10. Fuck tha Police - A song of protest against the Fraternal Order of Police in Philadelphia, whom Zack blames for allowing Mumia Abu Jamal, a death row inmate convicted of murdering a policeman, to rot in prison for a crime he did not commit. For everyone who doesn't know, Mr. Jamal was convicted before a white jury in 1981 of killing a white policeman. Mumia was a black journalist who reported on the errors of the police in Philly. He was also a Black Panther. The evidence relating to the case all points away from Mumia, but he has been denied retrials to prove this. This song is a big "Fuck you" to the police in Philly. Coincidentally, RATM is banned from the airwaves in one of Philadelphia's rock stations. This song has funky guitar and bass and the drums are good too. Zack does a good job of making himself sound polite at first, then goes into his giant "Fuck you". No real solo, but the point is to get people to look into the corruption of the authorities.
11. Darkness - One of my favorite Rage songs. It has a very jazzy feel to it and the verse is very funky. Zack does a little interlude about how AIDS is killing the entire African nation and how the government doesn't care because if they all die, the land is the government's. It's a song about the greed of the governments of the world. The solo is amazing. It has a sad feel to it and is very bluesy. Morello displays some of his speed and articulation with this solo and it is one of the better solos I've heard from him. Tim's bassline is very catchy, and Zack's vocals go from loud to quiet to loud to quiet throughout the entire song. It's different from most Rage songs, but it's one that works. This song was originally featured on the soundtrack to "The Crow" and given the plot of the movie, it fits it all perfectly.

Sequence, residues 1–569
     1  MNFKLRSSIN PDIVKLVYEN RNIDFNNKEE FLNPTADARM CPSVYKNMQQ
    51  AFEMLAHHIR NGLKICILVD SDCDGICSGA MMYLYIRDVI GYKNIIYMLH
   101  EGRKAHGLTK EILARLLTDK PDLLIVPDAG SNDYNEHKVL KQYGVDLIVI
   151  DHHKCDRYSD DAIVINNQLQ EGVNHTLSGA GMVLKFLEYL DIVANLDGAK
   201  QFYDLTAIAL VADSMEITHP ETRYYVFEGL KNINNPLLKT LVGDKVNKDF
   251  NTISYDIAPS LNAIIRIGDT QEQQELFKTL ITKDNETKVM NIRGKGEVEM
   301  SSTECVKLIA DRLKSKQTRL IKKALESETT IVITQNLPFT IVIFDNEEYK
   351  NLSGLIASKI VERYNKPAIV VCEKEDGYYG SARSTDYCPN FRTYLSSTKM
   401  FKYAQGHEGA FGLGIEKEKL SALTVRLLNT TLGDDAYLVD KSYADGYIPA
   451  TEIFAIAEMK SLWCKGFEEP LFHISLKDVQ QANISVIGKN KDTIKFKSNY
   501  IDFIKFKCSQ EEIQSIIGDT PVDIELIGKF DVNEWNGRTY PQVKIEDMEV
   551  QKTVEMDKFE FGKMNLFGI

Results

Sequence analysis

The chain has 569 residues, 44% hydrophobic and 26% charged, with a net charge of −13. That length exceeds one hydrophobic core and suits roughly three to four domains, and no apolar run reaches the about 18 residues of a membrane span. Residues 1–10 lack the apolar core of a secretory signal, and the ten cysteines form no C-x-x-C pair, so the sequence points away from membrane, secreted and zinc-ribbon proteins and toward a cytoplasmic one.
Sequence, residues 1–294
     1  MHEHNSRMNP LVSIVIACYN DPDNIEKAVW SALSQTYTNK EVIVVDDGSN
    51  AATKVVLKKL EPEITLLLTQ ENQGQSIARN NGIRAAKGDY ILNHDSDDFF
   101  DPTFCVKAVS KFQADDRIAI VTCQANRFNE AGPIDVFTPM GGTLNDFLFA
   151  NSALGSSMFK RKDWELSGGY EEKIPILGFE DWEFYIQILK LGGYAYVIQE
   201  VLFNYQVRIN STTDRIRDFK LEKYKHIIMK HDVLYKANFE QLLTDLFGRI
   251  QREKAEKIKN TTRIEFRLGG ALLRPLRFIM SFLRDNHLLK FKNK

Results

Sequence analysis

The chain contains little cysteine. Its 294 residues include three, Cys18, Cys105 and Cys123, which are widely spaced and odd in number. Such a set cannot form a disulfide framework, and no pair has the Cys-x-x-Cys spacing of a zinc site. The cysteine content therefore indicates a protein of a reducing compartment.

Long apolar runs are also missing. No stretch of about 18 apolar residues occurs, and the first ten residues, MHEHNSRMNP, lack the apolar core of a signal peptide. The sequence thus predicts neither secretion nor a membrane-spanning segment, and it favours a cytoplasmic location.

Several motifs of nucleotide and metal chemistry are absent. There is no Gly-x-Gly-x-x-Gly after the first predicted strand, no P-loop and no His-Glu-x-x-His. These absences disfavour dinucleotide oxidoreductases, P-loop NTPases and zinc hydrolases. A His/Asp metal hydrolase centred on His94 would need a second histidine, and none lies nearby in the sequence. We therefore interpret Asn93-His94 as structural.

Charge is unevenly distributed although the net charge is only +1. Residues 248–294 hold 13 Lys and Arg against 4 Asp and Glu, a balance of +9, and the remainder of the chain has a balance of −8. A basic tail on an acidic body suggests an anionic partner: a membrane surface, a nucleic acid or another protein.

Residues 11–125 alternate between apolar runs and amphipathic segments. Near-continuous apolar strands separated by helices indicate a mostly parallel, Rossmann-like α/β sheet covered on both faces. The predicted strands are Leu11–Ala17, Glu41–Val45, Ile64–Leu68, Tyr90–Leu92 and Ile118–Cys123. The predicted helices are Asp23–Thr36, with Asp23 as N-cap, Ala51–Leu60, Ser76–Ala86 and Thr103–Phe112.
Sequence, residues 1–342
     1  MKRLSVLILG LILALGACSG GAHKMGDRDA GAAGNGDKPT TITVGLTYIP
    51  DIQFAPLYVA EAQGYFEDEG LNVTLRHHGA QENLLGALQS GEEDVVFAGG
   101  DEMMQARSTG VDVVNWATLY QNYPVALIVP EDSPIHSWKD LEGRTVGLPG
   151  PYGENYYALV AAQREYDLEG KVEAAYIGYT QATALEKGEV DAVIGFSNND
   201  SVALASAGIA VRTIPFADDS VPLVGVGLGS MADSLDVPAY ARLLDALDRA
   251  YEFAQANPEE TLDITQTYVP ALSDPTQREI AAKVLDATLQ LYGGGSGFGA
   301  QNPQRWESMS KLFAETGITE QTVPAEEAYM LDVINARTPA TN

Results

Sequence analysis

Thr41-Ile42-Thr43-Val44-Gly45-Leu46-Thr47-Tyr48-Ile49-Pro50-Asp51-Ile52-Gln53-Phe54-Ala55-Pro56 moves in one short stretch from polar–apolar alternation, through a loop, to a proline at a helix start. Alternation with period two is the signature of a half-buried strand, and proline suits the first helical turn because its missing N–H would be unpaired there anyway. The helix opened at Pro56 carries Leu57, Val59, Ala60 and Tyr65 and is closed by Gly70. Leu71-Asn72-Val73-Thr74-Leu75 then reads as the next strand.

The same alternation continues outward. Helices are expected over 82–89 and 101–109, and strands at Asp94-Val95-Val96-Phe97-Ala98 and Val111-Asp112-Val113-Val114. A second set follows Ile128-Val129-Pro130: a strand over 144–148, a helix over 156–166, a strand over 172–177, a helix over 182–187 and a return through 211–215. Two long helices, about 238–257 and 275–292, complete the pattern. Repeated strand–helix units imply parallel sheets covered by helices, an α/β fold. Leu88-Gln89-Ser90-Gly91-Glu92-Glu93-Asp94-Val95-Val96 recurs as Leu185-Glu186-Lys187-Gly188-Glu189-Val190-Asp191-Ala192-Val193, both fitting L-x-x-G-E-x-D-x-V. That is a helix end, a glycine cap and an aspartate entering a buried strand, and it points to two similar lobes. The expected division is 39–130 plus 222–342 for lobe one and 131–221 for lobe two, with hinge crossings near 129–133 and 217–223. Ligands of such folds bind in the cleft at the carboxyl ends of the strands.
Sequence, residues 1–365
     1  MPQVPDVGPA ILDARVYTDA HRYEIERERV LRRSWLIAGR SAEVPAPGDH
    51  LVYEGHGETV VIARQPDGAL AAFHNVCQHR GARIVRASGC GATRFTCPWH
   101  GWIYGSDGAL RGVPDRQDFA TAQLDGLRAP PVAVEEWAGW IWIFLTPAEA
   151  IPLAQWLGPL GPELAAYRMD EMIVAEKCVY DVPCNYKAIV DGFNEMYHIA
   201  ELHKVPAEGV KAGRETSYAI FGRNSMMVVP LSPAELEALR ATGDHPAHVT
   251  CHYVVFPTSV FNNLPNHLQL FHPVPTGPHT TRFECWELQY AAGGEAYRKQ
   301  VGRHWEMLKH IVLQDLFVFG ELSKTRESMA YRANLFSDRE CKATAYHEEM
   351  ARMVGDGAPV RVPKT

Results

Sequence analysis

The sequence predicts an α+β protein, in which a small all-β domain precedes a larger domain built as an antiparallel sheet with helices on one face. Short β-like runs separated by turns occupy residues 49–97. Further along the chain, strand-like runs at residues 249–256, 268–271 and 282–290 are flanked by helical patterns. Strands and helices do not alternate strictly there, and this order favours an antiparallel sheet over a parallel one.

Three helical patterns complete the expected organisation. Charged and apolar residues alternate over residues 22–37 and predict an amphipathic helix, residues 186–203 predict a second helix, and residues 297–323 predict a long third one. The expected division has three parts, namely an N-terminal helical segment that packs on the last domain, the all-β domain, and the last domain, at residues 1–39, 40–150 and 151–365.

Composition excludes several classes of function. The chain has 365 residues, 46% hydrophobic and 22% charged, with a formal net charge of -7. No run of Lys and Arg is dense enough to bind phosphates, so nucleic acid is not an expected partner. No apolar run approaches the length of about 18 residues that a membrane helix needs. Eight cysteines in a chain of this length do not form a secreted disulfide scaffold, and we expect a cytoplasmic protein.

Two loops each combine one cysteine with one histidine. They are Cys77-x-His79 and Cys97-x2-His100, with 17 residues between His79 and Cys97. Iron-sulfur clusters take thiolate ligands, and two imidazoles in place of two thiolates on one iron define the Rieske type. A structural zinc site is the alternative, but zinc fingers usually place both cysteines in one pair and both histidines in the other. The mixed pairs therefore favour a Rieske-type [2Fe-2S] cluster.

12. Clear the Lane - This is a song featured on Rage's demo tape, but never made it to the self-titled album. It's a song that doesn't really tell us much about Rage. More like a "get out of the way, we're here" song. It's Zack saying "I'm gonna bring down all of you hypocrits who run the country" basically. There's a good bassline by Timmy C., as he was known at this time, and Morello's solo is very fast and well done. I don't like the effect he keeps throughout the song however. You hear Tim in the chorus, but it's nothing very special. Compared to how the other material on the first album was, I'm not surprised this was cut.
- displays Rage's ability to maintain a powerful live performance
- the guitar and bass are almost better than they were on the albums
- interesting background history is given throughout
- rarities are given to us
- some poor track choices
- Zack tends to swear a bit much when he's trying to get his point across. It's hard to take him as seriously as he wants to be taken.
- the lyric booklet inside the C.D. case is terrible. The lyrics are off on more than one song. Nothing big, though. You can hear what Zack says perfectly anyway.
My overall rating: 3.45/5
It's a good album to display Rage's live ability, but some of the tracks shouldn't have been added. I don't agree with the additions of "Hadda Be Playin' on the Jukebox" or "Intro (Black Steel in the Hour of Chaos)", as well as "Freedom". I recommend this album to anyone who loves Rage and wants to hear their earlier live performances. Also, the rarities are cool as well.
Hope this was alright for my first review.